Date of Award
Master of Arts - Psychology
Sarah C. Savoy
Weight stigma experiences affect people of all weights and have many negative consequences; despite this, weight stigma is still an acceptable prejudice in our society. Research has established that weight stigma is predictive of disordered eating (DE) cognitions, which are, in turn, predictive of DE behaviors. The current study explored the unique contribution DE cognitions make to DE behaviors while controlling for other DE cognitions. The DE cognitions examined in the current study were drive for thinness, weight bias internalization, and perfectionism. The DE behaviors examined were emotional eating, restrained eating, inappropriate compensatory behaviors, and binge-eating. Weight bias internalization and drive for thinness were the only DE cognitions found to make unique contributions to distinct DE behaviors. The DE cognitions were further found to be significant mediators of the relation between weight stigma experiences and the related DE behaviors. Implications with respect to prevention and treatment are discussed.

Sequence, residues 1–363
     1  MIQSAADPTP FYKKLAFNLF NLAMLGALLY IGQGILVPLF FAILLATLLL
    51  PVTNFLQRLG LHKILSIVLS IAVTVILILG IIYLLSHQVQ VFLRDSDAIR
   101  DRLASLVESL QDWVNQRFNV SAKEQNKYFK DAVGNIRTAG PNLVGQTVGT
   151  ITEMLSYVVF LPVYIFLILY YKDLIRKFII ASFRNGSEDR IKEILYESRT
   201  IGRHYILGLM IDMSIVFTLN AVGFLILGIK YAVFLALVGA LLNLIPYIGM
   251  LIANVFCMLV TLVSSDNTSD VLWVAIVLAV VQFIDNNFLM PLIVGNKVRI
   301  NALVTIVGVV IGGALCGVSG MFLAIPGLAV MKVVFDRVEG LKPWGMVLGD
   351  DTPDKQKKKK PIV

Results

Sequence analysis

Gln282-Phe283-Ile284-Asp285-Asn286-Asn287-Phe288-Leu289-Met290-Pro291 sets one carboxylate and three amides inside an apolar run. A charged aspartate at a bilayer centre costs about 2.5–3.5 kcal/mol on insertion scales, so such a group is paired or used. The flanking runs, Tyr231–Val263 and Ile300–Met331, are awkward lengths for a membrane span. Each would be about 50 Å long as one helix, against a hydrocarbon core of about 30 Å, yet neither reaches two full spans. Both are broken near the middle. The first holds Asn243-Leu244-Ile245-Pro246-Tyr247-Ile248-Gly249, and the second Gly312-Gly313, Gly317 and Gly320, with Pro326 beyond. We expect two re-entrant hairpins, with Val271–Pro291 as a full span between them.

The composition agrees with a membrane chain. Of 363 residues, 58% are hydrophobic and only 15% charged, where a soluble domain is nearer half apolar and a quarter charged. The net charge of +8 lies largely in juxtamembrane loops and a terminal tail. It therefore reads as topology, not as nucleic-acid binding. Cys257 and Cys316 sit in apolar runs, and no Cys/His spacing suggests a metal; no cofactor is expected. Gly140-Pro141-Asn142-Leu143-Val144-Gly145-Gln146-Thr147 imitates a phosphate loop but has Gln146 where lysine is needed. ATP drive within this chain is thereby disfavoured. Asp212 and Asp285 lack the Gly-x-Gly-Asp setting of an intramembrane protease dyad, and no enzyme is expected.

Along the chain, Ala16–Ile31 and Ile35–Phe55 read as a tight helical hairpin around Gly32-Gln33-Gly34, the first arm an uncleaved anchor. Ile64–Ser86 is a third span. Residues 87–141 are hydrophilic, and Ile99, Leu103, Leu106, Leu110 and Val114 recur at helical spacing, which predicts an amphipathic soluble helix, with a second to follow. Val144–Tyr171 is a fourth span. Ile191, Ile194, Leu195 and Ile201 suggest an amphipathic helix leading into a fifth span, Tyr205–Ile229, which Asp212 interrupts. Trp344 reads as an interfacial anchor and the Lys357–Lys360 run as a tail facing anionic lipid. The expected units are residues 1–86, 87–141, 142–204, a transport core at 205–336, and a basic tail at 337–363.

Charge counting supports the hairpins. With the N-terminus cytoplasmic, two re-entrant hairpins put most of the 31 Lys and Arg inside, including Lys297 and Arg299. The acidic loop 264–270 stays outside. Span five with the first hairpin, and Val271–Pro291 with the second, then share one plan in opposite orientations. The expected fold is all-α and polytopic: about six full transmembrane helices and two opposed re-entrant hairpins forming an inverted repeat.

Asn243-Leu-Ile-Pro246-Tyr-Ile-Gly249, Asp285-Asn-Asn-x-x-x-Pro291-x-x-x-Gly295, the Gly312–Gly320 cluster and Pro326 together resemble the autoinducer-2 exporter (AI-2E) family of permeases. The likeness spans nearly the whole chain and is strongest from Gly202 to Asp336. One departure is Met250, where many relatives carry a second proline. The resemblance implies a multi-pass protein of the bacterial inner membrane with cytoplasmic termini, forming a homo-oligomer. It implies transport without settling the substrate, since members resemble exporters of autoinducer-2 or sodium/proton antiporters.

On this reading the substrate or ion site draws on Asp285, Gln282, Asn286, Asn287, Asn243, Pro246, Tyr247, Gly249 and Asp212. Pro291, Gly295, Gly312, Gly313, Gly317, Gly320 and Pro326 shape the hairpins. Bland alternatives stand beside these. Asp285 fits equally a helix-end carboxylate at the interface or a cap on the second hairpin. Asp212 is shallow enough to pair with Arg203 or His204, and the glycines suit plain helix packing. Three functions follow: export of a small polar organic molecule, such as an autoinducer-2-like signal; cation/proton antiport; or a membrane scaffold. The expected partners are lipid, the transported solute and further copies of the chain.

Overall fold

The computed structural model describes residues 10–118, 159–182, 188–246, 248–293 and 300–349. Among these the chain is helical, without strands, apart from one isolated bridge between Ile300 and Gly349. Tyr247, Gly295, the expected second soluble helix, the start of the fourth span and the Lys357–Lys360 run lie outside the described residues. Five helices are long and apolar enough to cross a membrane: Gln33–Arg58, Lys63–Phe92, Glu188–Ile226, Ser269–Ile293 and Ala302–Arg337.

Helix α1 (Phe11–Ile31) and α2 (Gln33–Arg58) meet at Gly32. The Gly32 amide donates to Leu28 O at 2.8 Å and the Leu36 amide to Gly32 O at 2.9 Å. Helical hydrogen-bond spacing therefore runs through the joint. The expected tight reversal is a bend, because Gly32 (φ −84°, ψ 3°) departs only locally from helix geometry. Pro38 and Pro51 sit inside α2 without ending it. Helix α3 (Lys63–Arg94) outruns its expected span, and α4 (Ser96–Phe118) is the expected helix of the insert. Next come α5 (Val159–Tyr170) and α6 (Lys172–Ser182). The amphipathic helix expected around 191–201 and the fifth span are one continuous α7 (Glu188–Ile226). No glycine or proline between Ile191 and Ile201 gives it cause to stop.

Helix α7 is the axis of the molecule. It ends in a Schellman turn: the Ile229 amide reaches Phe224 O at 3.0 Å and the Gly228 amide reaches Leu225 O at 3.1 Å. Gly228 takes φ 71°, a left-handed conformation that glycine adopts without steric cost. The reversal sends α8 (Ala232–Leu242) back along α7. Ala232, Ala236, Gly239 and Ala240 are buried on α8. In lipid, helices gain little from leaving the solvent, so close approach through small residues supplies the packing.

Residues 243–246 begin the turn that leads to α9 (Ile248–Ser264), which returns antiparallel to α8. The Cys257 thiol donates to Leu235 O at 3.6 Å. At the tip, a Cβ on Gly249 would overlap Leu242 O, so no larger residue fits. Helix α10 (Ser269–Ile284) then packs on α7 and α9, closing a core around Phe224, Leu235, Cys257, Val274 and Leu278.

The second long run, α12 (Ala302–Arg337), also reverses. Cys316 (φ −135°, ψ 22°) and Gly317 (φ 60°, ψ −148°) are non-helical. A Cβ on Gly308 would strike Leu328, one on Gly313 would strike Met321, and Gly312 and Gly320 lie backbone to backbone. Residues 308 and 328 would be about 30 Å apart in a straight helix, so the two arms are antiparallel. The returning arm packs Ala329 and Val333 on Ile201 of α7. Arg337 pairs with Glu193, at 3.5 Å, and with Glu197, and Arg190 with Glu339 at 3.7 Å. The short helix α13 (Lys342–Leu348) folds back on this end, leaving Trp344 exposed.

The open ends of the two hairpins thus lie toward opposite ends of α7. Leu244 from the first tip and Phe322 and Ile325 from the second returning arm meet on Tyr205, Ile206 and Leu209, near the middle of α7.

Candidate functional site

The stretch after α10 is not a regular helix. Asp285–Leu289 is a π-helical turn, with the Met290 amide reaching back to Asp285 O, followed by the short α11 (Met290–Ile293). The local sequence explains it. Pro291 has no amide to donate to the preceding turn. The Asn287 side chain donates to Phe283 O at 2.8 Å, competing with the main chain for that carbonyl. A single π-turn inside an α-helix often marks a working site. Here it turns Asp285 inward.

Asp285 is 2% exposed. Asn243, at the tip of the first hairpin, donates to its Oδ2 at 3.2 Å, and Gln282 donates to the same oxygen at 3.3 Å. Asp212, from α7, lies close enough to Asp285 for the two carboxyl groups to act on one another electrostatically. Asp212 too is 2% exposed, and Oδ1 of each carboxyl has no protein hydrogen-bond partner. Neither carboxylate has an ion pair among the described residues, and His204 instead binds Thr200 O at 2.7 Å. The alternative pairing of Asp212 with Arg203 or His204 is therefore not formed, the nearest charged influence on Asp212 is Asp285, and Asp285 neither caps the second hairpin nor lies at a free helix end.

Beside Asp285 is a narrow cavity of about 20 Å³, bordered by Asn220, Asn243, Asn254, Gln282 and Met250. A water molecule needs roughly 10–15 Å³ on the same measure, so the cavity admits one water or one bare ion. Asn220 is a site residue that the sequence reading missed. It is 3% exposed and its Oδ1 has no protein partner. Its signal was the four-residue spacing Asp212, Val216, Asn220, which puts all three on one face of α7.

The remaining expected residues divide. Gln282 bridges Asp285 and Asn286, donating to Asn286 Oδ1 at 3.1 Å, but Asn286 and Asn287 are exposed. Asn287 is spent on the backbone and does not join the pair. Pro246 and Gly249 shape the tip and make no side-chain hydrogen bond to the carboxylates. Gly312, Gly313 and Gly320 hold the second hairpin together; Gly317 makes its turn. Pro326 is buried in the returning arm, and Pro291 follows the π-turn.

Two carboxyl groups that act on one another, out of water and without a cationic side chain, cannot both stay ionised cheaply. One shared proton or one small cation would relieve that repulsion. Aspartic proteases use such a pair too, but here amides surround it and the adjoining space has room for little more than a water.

Pelfrey, Sarah E., "Weight Stigma, Cognitions, and Disordered Eating" (2017). Electronic Theses and Dissertations. 84.
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